BY Tom Morton in Reviews | 05 APR 03
Featured in
Issue 74

J P Munro

Sadie Coles HQ, London, UK

BY Tom Morton in Reviews | 05 APR 03

The storeroom in JP Munro's painting Ending is Better than Mending (2002) looks like somewhere mythologies go to die. Clusters of urns, statues and an obelisk fill the foreground. Dead bodies - curiously beige, with haircuts similar to James Spader's circa Pretty in Pink (1986) - slump among the artefacts, spears sticking out of their stomachs. In the centre of the room, at the base of a big, bad-taste altar, a tiny white-walled town is trapped in a bubble of blue pigment. This town appears again on the painting's left, peeking through a heavy curtain. It's up on a hill, a long way away. The skies surrounding it swarm with stars.

Everything about Ending is Better than Mending is ambitious. Scale-wise it's a whopper, and its pile-up of mythological and quasi-mythological reference points - statues of Athena and Shiva, the Symbolist painter Gustave Moreau - suggests the same hubris that blighted J. G. Frazer's The Golden Bough (1890) and Joseph Campbell's The Hero with a Thousand Faces (1949), two attempts to map mankind's cosmological common ground. Munro's painting isn't so intellectually lazy (he's no sloppy Structuralist), although there's something slack about his brushwork. Given the art-historical giants he samples - Jacques-Louis David, Eugène Delacroix and Jean-Auguste-Dominique Ingres are all in the mix - this is a matter less of mediocrity than of successful simulation. Look, really look, at most pre-Modern masterpieces and you'll discover - in the drapery, perhaps, or on the horse's hind legs - a passage of bad, bargain-basement painting. Munro amplifies these failures. In Ending is Better than Mending competently painted pillars share space with slipshod swags, and the pasty, fallen bodies have clumsily foreshortened limbs. Such unevenness is unusual in 20th-century art (the all-overness of, say, De Kooning simply doesn't allow it). Maybe Munro makes use of this device to defuse his forebears, or to dodge the charge that he's a reheated Classicist in the mould of Stephen McKenna. Whatever the reason, it makes his canvases compelling - it's hard not to get snagged on their hit-and-miss surfaces.

Back to that white-walled city, trapped in a teardrop. It resembles something from a story by Jorges Luis Borges, or a kitschy snowstorm that's failed to function. In a painting so steeped in well-worn iconography (griffins, golden eagles, Atlas staggering under the weight of the world) it seems strange, inscrutable. Perhaps it's the property of the dead men dotted among the statues, but if so, who are they, and why have they come to collect it? Are they citizens of the city on the hill? Is the miniature metropolis the city's soul, stolen by some crazed collector? Maybe we're not meant to 'get' its meaning, and it's just a sad, semi-musical note - nothing more. Start to think about Munro's mythological bits and bobs in a similar manner and his paintings become brilliant comments on image-making, on how shapes and shades suggest complex, culturally loaded stuff. Ending is Better than Mending isn't a Claude Lévi-Strauss-like search for an Ur-mythology. Rather, it's an attempt to grapple with what painting can do.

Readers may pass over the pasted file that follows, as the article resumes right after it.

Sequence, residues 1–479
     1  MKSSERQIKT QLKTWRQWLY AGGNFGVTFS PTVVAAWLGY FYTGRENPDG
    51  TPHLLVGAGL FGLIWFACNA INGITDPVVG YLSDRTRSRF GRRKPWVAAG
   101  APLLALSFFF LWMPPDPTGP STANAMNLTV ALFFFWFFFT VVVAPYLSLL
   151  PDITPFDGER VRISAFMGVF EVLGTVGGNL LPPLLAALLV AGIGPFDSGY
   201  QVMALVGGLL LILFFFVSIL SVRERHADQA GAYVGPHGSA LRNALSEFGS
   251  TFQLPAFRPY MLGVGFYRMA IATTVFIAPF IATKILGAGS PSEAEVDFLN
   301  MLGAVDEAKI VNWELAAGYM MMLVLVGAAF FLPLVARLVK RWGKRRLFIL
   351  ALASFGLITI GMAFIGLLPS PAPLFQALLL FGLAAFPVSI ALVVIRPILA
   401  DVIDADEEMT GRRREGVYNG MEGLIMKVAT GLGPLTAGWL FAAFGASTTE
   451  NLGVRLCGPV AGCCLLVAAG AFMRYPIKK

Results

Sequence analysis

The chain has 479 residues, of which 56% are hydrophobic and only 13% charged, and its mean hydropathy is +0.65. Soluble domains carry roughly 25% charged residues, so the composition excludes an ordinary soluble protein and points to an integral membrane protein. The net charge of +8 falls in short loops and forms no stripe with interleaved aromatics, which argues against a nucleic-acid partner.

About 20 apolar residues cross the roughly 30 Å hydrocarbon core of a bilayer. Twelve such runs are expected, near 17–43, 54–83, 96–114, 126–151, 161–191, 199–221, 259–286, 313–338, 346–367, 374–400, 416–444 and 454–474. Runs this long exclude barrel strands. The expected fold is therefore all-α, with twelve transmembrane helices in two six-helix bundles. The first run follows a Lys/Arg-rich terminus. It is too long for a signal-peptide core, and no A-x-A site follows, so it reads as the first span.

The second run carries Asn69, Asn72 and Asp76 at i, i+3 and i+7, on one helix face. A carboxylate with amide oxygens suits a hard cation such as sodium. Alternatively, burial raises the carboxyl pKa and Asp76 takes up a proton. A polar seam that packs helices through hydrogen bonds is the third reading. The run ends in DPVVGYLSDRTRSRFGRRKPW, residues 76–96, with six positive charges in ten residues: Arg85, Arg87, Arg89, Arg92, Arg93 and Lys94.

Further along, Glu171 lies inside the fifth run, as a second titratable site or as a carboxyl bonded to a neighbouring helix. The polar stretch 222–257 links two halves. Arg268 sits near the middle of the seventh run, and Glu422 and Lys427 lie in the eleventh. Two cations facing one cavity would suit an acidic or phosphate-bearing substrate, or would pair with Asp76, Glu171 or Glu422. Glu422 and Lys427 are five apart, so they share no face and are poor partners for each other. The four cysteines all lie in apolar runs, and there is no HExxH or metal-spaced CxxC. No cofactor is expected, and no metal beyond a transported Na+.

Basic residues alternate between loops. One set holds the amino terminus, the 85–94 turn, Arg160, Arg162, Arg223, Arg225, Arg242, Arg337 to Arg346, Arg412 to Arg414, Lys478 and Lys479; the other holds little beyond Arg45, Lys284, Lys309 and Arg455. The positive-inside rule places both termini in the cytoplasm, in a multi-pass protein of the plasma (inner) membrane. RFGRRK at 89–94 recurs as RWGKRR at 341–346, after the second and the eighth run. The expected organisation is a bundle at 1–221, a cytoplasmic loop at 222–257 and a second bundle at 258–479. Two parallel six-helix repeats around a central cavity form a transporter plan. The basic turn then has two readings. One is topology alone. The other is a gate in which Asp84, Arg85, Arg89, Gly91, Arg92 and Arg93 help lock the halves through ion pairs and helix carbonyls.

Munro's drawing Untitled (2002) is a study of one of the statues in Ending is Better than Mending, a many-armed deity with a Clint Eastwood countenance and a long, dangling dick. Beneath this brutal god Munro has pencilled, and then partially erased, the words 'Hellenistic Shiva'. On top of these the words 'Abraxas, Angel of Death' appear. Abraxas is a minor mythological figure (my Oxford Companion to Classical Literature from 1964 makes no mention of him), who enjoyed a revival at the hands of the same hippy counterculture that attempted to rehabilitate the swastika. Perhaps that's why - with his perfect, pumped-up body - he'd feel at home striding through The Occult Roots of Nazism (2002), a Teutonic landscape cribbed from Caspar David Friedrich. Equating National Socialism with 19th-century Romanticism feels both bogus and wearyingly over-familiar, but there's something about Munro's bone-dry brushwork that sums up the poverty - and the aridity - of the Nazi mindset. Technically, it's the worst work in the show, but somehow you wouldn't want it any other way.

For all his high-minded meditations on art history Munro sometimes seems like he's having an awful lot of fun. Another painting called Ending is Better than Mending (2001) (Munro repeats his titles like stuck records or thoughts you can't shake off) is a case in point. A battle scene - loosely based on a David painting - is a jumble of lethal limbs. Above the action fly four beautifully painted parrots. They are absurd, but so is art, and so is its history. Munro knows this, and that's what makes his paintings tick.

Tom Morton is a writer, curator and contributing editor of frieze, based in Rochester, UK.